Stephen didn’t seek leadership, but when called to it he faithfully embraced his responsibilities and his God … even when they led to his death. He could have stuck to “waiting tables” – as the twelve apostles (rather condescendingly) referred to the delivery of the agape meal (or Lord’s supper)  – but he didn’t think one duty less important than the other. We remember Stephen not only for his martyrdom, but for his true dedication to servant leadership.

Stephen is an excellent benchmark for choosing our own leaders, and for modeling our own leadership style if we are called. He committed to doing what was necessary, not what was glamorous or safe. He was brave, and to the end he chose to reflect love and grace, rather than hatred and anger, toward his persecutors. When we look at leadership in the church, how many Stephens do we see? If it doesn’t seem like enough, remember it was the people who chose him. Change is up to us.

(For another take on St. Stephen, see Martyrs Vs. Victims)

Comfort: Everyone can help make the church better.

Challenge: Talk with people you respect in leadership positions. Ask them what they find challenging, and how you might support them.

Prayer: Thank you, God, for all the martyrs and saints who helped build Your church. Amen.

Discussion: What traits do you look for in a leader?

Join the discussion! If you enjoyed this post, feel free to join an extended discussion as part of the C+C Facebook group. You’ll  have the opportunity to share your thoughts with some lovely people. Or feel free to comment here on WordPress, or even re-blog – the more the merrier!



Today’s daily readings:
Psalms 2; 150, Zechariah 2:10-13, 1 John 4:7-16, John 3:31-36

Christmas readings:
Isaiah 52:7-10, Psalm 98, Hebrews 1:1-4 (5-12), John 1:1-14

Many powerful words have been written about the coming of Christ into the world, also known as The Incarnation. According to Luke, angels appeared to announce the Christ child to the world and wise men traveled far to honor him. Every year the truths and traditions and myths and merriment surrounding that event remind us of its wonder. We celebrate it on Christmas with song, light, food, and gifts. 

Imagine being Mary or Joseph, and knowing you were responsible for raising the Son of God. Most new parents only feel like the fate of the world rests on their decisions. Imagine being in awe of the holiness of this child.

How many dirty diapers did it take to dull that shine?

The gospels say little of the childhood of Jesus. There was his Home Alone moment when his parents lost him for three days, but that turned out all right. Childhood and adolescence probably didn’t add much to his messianic reputation. Potty-training and nose-picking. Tantrums. Hormone-fueled moodiness.  Acne. By the time the adult Jesus attended that now-famous wedding in Cana with his mother, she certainly didn’t treat him like an ethereal, holy snowflake: “They’re out of wine. Do something already.”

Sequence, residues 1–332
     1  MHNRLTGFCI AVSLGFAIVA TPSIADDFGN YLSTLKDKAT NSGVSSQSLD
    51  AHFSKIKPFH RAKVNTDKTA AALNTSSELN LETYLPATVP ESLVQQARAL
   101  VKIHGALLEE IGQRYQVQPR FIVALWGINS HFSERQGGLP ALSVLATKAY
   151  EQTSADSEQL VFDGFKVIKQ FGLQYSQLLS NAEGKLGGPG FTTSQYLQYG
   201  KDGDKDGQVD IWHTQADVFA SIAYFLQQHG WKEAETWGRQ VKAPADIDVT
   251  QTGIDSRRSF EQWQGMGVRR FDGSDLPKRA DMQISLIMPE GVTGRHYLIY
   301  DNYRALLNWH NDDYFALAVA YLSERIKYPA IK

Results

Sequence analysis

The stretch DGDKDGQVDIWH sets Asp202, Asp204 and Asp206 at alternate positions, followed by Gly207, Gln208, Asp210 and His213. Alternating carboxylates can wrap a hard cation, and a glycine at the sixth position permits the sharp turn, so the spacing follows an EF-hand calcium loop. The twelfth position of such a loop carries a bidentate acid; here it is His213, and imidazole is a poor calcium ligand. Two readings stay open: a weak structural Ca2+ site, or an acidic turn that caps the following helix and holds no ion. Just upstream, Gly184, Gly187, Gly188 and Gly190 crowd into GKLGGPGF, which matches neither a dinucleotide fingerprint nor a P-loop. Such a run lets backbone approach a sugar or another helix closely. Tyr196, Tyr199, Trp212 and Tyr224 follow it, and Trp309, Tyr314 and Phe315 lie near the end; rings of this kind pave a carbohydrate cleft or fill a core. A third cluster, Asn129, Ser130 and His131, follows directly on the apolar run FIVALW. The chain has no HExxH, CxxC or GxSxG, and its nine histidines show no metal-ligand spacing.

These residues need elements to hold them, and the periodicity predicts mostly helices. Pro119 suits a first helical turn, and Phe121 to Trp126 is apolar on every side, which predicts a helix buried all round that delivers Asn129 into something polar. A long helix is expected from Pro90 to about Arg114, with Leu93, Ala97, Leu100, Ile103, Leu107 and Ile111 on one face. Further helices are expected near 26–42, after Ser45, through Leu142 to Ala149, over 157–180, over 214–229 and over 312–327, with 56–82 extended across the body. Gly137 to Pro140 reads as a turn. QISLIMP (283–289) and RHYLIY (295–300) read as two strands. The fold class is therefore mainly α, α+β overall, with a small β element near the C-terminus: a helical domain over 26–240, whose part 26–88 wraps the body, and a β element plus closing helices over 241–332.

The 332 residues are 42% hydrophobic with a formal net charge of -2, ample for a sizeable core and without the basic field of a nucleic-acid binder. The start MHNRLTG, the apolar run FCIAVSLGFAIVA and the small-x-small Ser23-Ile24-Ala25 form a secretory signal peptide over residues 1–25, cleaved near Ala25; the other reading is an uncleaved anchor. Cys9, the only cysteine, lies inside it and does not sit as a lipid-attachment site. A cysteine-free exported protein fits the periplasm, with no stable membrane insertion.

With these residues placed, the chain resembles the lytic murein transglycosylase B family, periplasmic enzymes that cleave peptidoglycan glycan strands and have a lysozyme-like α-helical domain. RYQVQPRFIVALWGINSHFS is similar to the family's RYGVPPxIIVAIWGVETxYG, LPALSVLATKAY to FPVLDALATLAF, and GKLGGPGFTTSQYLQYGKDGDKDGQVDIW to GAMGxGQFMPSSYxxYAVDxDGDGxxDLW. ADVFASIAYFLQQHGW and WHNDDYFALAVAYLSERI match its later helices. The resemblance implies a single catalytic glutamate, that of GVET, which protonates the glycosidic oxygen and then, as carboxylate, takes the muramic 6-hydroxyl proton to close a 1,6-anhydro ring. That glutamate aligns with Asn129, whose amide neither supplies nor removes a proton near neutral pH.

And that’s the beauty of The Incarnation. It frees us to see the holy in the every day – in the muck and mire. Our solidarity with the poor, the ill, and the grieving doesn’t exist so we can bring holiness into their lives: our job is to see the holiness already there and join hands with it. We create beautiful physical sanctuaries to represent our love for our God, but they are incomplete without the grimy, sweat-stained, tear-streaked spiritual sanctuaries we build around each other. We are incomplete if we never share in the holy, stinking mess of each other’s lives.

A wise person once told me children are cute so parents don’t kill them as teenagers. Enjoy this Christmas, this newborn Christ. Let these memories and feelings sustain you when Christ is more demanding, even unpleasant. Maybe then when you search for the face of Christ in others, the holy will be easier to see.

Comfort: God is everywhere.

Challenge: Examine whether there are situations your faith leads you, but you avoid because they are impractical or messy.

Prayer: Glorious Creator, may I see Your face in all of creation. Amen.

Discussion: What parts of Christianity do you find difficult?

Join the discussion! If you enjoyed this post, feel free to join an extended discussion as part of the C+C Facebook group. You’ll  have the opportunity to share your thoughts with some lovely people. Or feel free to comment here on WordPress, or even re-blog – the more the merrier!



Today’s readings:
Psalms 90; 149, Isaiah 35:1-10, Revelation 22:12-17, 21, Luke 1:67-80

Christmas Eve readings:
Isaiah 9:2-7, Psalm 96:1-13, Titus 2:11-14, Luke 2:1-14 (15-20)

The shepherd realized he’d been holding his breath, and so inhaled deeply. The air was still strange, full of aromas unidentifiable but seemingly familiar. The usual smells of sheep and pasture had begun to reassert themselves but a subtle perfume would linger for a long time.

Angels. They had seen angels. He didn’t even believe in angels.

Moments ago the sky had been lit with a host of them. As they approached, he and his fellow shepherds began to wonder aloud if it was some new, terrifying trick of the Romans – perhaps a detail dispatched to enforce participation in this new census. But up close – angels! And not with words of punishment, but words of hope:

“Do not be afraid; for see — I am bringing you good news of great joy for all the people: to you is born this day in the city of David a Savior, who is the Messiah, the Lord. This will be a sign for you: you will find a child wrapped in bands of cloth and lying in a manger.”